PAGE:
Jan. 22, 2007
Developer: work on Trophy Lake Estates IV could start this spring
By Ivan Raconteur
Developer Grant Hustad told a group of residents and elected officials that site preparation for the Trophy Lake Estates project north of New Germany could start as early as this spring.
Hustad’s presentation during the Jan. 10 planning commission meeting was part promotion for the development, and part question-and answer period.
More than two dozen interested residents turned out to hear the update about the project.
Hustad said that the New Germany project will be the fourth such project he has completed in Minnesota since July 2000.
The other developments are in Glenwood, Pine Island, and Center City.
The developments are all constructed around man-made lakes that are used for water sports.
Many of those in attendance asked questions about how the project will affect the surrounding community.
One concern was whether the project would draw substantial amounts of water.
Hustad said the projects are designed to be “self-generating” and are located in sites where water naturally collects.
He explained that the water in the lakes can vary from a foot above to a foot below the normal level, which means that they can absorb extra water during wet periods, and survive dry periods.
Hustad said power boat activities would be halted if the lake level dropped below a safe level to prevent erosion of the banks.
Lead engineer for the project, Brad Lindamann of Barr Engineering, said that he used 20 years of rainfall data in a computer model for the design of the lakes.
One resident asked if the project would deplete the water table.
“The amount of water we use is very small compared to a municipality, or a farmer running water through irrigators,” Lindamann replied.
Hustad said that one of the ways the projects contribute to the local community is by providing regional storm water retention.
“We would be happy to take the runoff from neighboring properties,” Hustad commented.
All of the runoff from within the development is routed to the lake, he added.
Hustad said that any runoff would run along Carver County Road 33 to the wetland north of the project.
Another resident questioned whether the project would place additional burdens on the community by increasing calls on first responders and other emergency personnel.
Hustad said since the first development opened in 2000, there has been only one ambulance run to a Trophy Lakes project, and that was the only accident.
“Jet Skis are not allowed, and we only run one power boat at a time,” he added.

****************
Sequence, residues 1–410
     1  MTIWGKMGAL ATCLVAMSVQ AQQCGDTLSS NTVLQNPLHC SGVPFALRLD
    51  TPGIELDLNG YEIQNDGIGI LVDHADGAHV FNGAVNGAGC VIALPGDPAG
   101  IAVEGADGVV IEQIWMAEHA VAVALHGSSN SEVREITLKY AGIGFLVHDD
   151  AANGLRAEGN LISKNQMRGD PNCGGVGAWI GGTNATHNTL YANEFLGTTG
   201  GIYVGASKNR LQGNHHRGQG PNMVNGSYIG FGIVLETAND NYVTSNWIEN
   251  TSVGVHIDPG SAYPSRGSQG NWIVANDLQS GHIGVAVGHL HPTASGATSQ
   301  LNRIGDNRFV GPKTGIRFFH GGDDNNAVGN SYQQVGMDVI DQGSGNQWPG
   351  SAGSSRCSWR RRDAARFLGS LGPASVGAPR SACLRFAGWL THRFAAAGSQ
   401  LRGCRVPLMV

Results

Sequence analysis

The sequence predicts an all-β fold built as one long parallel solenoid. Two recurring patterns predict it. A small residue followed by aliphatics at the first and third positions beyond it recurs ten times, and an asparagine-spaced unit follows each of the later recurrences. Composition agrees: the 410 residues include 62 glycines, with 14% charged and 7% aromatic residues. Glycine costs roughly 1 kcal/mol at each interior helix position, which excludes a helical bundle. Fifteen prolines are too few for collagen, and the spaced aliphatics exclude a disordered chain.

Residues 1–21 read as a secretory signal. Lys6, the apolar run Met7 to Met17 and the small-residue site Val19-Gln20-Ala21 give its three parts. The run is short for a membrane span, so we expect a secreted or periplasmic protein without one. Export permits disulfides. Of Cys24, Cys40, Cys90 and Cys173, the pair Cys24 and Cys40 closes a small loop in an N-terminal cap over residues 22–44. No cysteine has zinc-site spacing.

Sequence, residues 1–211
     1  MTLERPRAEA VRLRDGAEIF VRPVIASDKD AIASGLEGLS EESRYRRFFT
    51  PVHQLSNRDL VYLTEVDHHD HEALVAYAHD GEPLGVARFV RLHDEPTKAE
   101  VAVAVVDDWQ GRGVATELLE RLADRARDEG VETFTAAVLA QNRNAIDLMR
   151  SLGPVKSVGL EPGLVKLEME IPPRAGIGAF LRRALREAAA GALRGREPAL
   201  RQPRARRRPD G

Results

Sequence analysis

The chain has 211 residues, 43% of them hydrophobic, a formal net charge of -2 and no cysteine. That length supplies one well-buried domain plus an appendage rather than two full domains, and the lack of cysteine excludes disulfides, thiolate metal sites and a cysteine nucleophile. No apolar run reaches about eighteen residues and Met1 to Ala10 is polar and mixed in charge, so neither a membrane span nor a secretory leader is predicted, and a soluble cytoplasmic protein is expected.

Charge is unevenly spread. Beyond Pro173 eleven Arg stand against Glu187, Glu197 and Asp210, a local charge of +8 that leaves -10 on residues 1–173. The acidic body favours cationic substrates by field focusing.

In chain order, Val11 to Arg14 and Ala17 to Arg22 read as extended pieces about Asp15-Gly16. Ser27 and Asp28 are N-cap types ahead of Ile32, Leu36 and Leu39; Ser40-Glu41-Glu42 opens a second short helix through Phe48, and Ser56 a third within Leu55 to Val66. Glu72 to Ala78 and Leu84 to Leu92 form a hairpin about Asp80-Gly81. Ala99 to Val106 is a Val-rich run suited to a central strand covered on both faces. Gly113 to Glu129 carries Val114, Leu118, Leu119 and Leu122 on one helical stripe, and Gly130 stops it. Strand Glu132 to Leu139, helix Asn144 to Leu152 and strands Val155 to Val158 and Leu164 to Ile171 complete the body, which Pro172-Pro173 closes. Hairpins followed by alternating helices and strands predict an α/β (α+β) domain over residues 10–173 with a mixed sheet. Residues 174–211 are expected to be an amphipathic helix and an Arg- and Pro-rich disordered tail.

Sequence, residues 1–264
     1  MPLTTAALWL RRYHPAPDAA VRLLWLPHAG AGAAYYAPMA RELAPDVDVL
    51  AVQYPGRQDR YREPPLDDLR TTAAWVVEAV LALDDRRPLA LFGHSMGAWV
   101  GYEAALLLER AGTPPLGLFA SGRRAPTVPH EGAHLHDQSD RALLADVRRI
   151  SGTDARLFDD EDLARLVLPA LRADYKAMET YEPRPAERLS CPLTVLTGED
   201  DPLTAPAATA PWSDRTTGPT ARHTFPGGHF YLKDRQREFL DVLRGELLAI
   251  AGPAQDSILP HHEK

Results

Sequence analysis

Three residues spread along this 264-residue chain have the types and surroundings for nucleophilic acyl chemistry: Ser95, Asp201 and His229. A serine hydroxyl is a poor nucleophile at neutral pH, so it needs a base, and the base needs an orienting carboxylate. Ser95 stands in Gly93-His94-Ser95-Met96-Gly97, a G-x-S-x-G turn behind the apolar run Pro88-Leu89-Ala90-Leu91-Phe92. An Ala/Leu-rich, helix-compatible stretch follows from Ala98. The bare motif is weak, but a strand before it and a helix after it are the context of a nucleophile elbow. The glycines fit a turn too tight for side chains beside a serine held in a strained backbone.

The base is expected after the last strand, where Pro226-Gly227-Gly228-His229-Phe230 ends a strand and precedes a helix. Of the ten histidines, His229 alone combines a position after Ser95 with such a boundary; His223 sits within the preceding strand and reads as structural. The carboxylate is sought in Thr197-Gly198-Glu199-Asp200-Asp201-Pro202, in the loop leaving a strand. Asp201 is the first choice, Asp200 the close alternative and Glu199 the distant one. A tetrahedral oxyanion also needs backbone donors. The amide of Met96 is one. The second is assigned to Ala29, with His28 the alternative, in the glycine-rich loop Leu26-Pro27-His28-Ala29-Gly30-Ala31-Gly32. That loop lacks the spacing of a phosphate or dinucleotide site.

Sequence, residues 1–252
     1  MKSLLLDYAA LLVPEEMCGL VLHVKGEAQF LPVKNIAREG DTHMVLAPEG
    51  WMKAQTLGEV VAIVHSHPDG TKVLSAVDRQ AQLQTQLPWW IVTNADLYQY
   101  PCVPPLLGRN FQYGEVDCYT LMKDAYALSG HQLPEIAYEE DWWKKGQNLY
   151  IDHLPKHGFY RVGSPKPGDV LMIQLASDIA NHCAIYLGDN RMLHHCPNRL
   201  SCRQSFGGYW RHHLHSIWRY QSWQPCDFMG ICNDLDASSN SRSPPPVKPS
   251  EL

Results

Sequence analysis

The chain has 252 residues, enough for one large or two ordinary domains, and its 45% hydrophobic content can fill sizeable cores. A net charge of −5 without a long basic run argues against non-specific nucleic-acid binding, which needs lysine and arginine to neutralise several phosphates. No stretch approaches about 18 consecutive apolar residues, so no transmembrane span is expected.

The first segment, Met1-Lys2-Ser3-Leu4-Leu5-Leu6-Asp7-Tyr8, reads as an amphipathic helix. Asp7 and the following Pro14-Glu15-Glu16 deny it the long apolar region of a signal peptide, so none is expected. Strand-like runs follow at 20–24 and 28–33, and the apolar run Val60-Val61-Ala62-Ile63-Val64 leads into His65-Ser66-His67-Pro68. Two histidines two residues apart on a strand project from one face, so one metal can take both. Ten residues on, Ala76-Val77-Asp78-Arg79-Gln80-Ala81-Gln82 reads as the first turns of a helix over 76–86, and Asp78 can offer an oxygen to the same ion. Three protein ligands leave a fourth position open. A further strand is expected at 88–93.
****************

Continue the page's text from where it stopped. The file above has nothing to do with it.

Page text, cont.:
All roads within the development will be private, and will be maintained by the homeowners association, Hustad said.
In response to a question about how 62nd Street, which is a township road that forms the southern border of the development, will be handled, Hustad said the road would be upgraded, with the development paying its share of the cost for the improvements.
He added that he would work with the city to determine how much of the road would need to be upgraded.
Another question concerned the minimum size of a house that could be built in the project.
Hustad said the project will have an architectural review committee, and criteria for acceptance focusses more on quality of construction than on square footage.
He said the minimum investment in a Trophy Lake property would include about $200,000 for the lot, and a minimum house cost of about $250,000, although some homes in Trophy Lake projects can cost up to $1 million.
The association fee in the other developments is $100 per month, Hustad said.
Another resident questioned what would happen if the lots within the project do not sell.
“There will be no cost to the outside community if lots don’t sell. The majority of the powerboat lots are already committed,” Hustad replied.
More about the project
The proposed New Germany project includes three lakes and a total of 59 lots.
The original plan included two lakes and more off-water lots, but it was revised in response to market conditions.
Hustad explained that the Trophy Lake projects provide low-density housing.
He said that 450 homes on a parcel this size would be the other extreme, in terms of housing density.
“This type of community is unique. The lower density attracts a more upscale resident,” Hustad commented.
He added that the projects have been well received in the communities where they have been built.
The Trophy Lake projects are gated communities. In addition to waterskiing, activities include tennis, sand volleyball, and basketball.
The lakes are stocked with fish, and residents have access to shore fishing in the summer, and ice fishing in the winter.
The development will be connected to city sewer and water, but will pay 100 percent of its share of bringing these services to the development.
When will it start?
Hustad said the property is in agriculture preserve until February 2009, but site work could begin in spring 2007.
Other factors that could influence the project include the fact that the property is currently part of Hollywood Township, and would have to be annexed by the City of New Germany.
The city’s treatment facility is already at capacity, and no new housing permits can be issued until a new treatment plant is complete.